The PUREX 1D technique could be used the obtaining of the molecular motion correlations in a scale range between 1ms to 1s. The information’s on motion time scale (ms-s) can be obtained from the peak intensities of the 1D PUREX spectra as a function of mixing time, tm. The 1D PUREX intensity of each point of (Figure 10) was integrated from 120 to 20ppm and it was also normalized according to the equation: The integration was realized in order to only detect the molecular motion amplitude, including all carbons of glucose (C1-6) chains. Thus, the plot obtained from the ratio as a function of tm can be used to characterize the dynamic motion, therefore without relaxation effect due to the normalization. The mixing time employed in this experiment was m c t >τ in order to detect the slow molecular motion, which may occur in the range of the PUREX observation. From the 1D PUREX curves, the mixing time tm=200ms was the ideal time for the measurement of the 2D Exchange according to the 1D PUREX curve slope (Figure 11), (Figure 12).

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Figure 10: 1D Pure-exchange experiments performed for Espada Starch a) (1) and (3).

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Figure 11: Results of 2D exchange experiments performed for Espada Starch (3).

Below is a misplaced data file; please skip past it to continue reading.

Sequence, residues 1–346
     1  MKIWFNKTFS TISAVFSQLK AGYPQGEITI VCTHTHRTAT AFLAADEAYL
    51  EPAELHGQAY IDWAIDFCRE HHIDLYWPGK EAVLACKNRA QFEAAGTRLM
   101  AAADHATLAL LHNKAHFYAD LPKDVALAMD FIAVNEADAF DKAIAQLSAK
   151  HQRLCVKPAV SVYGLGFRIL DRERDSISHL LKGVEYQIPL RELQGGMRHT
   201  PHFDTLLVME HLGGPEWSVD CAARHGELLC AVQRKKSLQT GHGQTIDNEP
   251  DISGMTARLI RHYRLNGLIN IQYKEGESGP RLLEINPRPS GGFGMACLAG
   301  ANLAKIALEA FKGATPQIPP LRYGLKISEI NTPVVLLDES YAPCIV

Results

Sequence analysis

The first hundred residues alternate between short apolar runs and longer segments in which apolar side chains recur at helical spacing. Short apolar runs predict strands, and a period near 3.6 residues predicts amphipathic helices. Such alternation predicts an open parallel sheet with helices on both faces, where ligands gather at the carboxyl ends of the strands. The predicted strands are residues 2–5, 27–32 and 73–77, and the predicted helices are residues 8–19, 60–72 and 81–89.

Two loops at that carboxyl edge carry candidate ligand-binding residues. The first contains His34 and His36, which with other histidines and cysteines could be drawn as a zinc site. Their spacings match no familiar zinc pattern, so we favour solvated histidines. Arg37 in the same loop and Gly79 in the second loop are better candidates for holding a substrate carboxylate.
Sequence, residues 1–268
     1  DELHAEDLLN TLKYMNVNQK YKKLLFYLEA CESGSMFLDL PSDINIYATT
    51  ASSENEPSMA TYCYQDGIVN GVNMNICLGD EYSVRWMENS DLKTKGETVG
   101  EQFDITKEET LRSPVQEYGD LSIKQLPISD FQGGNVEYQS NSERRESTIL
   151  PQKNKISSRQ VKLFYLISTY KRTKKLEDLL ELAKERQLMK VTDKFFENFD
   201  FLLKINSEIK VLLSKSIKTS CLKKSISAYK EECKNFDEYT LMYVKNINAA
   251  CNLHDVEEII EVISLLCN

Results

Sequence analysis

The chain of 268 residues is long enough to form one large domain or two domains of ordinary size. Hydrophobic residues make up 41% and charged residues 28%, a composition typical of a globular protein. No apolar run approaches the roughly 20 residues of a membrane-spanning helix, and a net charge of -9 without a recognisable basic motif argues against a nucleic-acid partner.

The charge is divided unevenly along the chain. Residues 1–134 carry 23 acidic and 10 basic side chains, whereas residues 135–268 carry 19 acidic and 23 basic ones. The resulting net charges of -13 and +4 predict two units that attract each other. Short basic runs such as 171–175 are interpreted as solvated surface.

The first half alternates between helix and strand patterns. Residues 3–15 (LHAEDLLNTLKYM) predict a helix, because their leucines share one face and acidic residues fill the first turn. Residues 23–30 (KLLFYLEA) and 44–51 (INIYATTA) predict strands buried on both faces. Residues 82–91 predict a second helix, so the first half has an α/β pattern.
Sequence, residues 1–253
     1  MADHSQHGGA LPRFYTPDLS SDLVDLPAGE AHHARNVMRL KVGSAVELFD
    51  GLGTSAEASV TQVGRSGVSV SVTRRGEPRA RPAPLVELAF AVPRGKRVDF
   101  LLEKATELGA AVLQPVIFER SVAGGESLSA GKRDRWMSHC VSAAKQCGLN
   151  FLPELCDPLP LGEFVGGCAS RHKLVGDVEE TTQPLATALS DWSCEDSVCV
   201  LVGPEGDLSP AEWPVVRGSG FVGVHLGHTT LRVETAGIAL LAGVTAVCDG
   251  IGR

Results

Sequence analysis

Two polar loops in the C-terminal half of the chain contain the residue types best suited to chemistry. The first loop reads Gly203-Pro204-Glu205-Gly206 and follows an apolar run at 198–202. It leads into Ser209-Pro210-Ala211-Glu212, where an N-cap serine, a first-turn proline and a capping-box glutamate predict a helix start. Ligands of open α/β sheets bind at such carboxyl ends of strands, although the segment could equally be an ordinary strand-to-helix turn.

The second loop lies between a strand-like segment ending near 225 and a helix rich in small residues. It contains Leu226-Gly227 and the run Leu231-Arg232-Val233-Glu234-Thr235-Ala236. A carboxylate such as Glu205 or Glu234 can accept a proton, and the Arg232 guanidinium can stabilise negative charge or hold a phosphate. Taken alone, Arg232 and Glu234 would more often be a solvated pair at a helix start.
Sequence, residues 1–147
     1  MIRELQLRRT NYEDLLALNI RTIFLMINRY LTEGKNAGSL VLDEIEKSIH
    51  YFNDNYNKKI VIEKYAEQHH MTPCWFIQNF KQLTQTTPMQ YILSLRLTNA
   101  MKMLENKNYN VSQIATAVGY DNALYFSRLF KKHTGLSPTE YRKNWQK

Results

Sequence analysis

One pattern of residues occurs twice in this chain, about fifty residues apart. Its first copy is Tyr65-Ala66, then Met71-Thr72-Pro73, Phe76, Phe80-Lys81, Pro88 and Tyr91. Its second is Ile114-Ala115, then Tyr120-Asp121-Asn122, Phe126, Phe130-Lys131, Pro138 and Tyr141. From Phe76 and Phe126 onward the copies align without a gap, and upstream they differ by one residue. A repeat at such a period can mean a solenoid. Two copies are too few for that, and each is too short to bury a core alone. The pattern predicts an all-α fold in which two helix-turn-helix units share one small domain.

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Figure 12: Results of 2D exchange experiments performed for Espada Starch (4).


According to the main purpose of this work, there was detected an opening of the starch granule as a function of the different diluents. The 2D Exchange NMR spectra were proposal recorded at temperature below Tg, in which the molecular motion of these samples is restricted because these chains are in a rigid lattice. After the treatments with the three diluents, the samples showed an amplitude of molecular motion, even below Tg, which was not observed for the sample (1), showing that the modified starches present new molecular mobility due to the new interactions and chains ordination after the treatments, which was confirmed by VCT, 2D Exchange and PUREX results.